The Decade of Doubt

Martin Thielen

December 1, 2020

A few weeks ago, a religious magazine published a cartoon depicting a man and a woman talking about faith. The man says, “I believe but sometimes I don’t.” The woman responds, “That’s weird because I don’t believe but sometimes I do.” Many people in America can relate to that cartoon. Sometimes we believe. Sometimes we don’t. But lately, a whole lot of us don’t.

I’m not a church historian. But if I were, I’d designate the years 2011–2020 “The Decade of Doubt” in American religious history. Here’s why.

First, it’s been true in my own pastoral experience. I served as a minister for four decades. Throughout those years, I often spoke to persons grappling with doubt. However, in my final decade of parish ministry (2011–2020), I spoke to an extremely large number of doubters, both lay and clergy.

For example, a few years ago a faithful parishioner confided to me, “I’m having serious doubts about my faith. It’s not like I decided to stop believing. I didn’t purposely reject my faith. It just slowly eroded and seems gone now. I can’t conger it back, regardless of how hard I try.”

Over the past decade, I’ve heard dozens of these kinds of stories, including agonizing faith struggles from a good number of ministers. However, my observations about a “decade of doubt” go far beyond personal anecdotes.

For example, a quick look at the publishing world over the past decade reveals a host of books that express significant doubts about orthodox faith and the institutional church. A few examples include Agnostic, In the Absence of God, Christianity after Religion, Executing God, The Great Spiritual Migration, How Jesus Became God, and Unbelievable. And numerous “new atheism” books, written a few years before 2011, still resonate with large numbers of people today, including The God Delusion and God Is Not Great.

Arguments for a “decade of doubt” can also be found in hard data from religious surveys. In a 1990 Gallup poll, about 75 percent of Americans believed in an “all-powerful, all-knowing, perfect and just Creator of the universe who still rules the world today.” In a follow-up 2020 poll, Gallup discovered that only about 50 percent of Americans still affirm that belief. In a major 2020 religious survey by Ligonier Ministries, 52 percent of Americans said, “Jesus was a great teacher but he was not God.” These kinds of unorthodox beliefs were almost unheard of just a few decades ago. They now represent a majority, or near majority, status.

Not only does a significant segment of the population doubt traditional beliefs, but they also harbor serious doubts about institutional religion. For example, church membership and worship attendance are rapidly plummeting throughout the country, especially among young adults.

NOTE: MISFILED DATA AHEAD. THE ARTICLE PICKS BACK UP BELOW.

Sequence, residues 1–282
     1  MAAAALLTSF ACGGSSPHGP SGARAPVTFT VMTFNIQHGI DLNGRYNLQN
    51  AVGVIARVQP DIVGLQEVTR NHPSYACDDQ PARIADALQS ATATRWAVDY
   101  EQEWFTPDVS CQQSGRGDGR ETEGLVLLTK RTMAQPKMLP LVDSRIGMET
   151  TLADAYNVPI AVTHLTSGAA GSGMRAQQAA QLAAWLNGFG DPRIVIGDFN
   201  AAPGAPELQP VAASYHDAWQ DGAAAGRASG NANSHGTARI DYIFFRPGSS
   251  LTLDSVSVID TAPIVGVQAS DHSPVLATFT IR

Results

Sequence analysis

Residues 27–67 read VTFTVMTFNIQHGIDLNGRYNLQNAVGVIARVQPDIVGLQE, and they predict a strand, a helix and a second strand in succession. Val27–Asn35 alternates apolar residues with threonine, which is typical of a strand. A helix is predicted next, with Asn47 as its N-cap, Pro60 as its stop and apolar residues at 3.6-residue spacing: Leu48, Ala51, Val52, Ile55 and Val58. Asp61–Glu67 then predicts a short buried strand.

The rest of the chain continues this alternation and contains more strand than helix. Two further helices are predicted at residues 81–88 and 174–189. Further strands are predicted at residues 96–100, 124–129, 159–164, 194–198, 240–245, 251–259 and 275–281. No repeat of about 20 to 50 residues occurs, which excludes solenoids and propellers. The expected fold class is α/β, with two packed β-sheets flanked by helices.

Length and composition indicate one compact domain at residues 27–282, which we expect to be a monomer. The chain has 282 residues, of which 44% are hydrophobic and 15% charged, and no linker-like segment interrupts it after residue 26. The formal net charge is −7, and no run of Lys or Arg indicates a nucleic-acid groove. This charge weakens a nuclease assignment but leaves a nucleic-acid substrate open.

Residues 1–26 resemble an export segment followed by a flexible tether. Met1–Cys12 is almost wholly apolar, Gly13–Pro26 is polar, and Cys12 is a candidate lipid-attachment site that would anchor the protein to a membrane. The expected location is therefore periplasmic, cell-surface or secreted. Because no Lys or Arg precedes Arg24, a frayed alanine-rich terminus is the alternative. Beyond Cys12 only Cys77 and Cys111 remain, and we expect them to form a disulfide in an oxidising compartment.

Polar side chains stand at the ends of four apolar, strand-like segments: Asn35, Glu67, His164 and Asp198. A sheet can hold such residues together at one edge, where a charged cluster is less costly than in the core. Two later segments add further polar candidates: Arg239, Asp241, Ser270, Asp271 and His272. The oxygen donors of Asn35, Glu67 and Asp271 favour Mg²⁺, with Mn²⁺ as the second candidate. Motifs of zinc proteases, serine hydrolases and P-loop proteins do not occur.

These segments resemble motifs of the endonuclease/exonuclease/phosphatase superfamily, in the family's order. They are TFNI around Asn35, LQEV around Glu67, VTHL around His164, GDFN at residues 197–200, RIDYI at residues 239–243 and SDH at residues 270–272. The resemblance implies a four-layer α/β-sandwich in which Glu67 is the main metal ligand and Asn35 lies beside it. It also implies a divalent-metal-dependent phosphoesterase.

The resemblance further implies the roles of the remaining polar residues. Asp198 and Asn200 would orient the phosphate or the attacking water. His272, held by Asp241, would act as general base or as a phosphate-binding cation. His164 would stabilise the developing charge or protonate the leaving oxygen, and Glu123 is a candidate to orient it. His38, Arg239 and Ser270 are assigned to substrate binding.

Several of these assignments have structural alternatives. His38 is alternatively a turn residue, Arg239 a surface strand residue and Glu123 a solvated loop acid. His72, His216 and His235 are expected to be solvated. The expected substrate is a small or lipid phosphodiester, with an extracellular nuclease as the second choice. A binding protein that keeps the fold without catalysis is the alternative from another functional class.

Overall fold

A few decades ago, only 5 percent of Americans were religiously unaffiliated. Today that number is almost 25 percent and rapidly growing—more so than any other religious group. A 2020 Gallup poll revealed that the percentage of Americans who belong to a church, synagogue, or mosque has fallen from 70 percent in 1999 to about 50 percent today, an all-time low in the modern era.

Many of these rapidly growing doubts about organized religion are self-inflicted. Over the past decade, the church has done enormous damage to its reputation. From the hyper-partisanship of the evangelical church, to the pedophile priest scandal of the Roman Catholic Church, to the schism of the mainline church over human sexuality—the church has rightly earned the public’s skepticism. Regardless of the causes, institutional religion in the United States is clearly on the decline, with no end in sight to that trajectory.

So, what’s next? What will follow the “decade of doubt”? Nobody knows for certain. But research suggests that current trends will likely continue. On the other hand, this era of faith crisis in America offers, at least potentially, an opportunity to remake religion into a healthier, more Jesus-centered faith. Only time will tell if that redemptive path is chosen or not. Although I doubt (no pun intended) that will happen on a large scale, I’m hopeful at least a small remnant will rise to the challenge.

Given the current context of overwhelming doubts about religious beliefs and institutions in America, I decided to launch Doubter’s Parish in December 2020, at the tail end of the “decade of doubt.” It will be interesting to see what evolves in American Christianity during the next decade. Please stay tuned!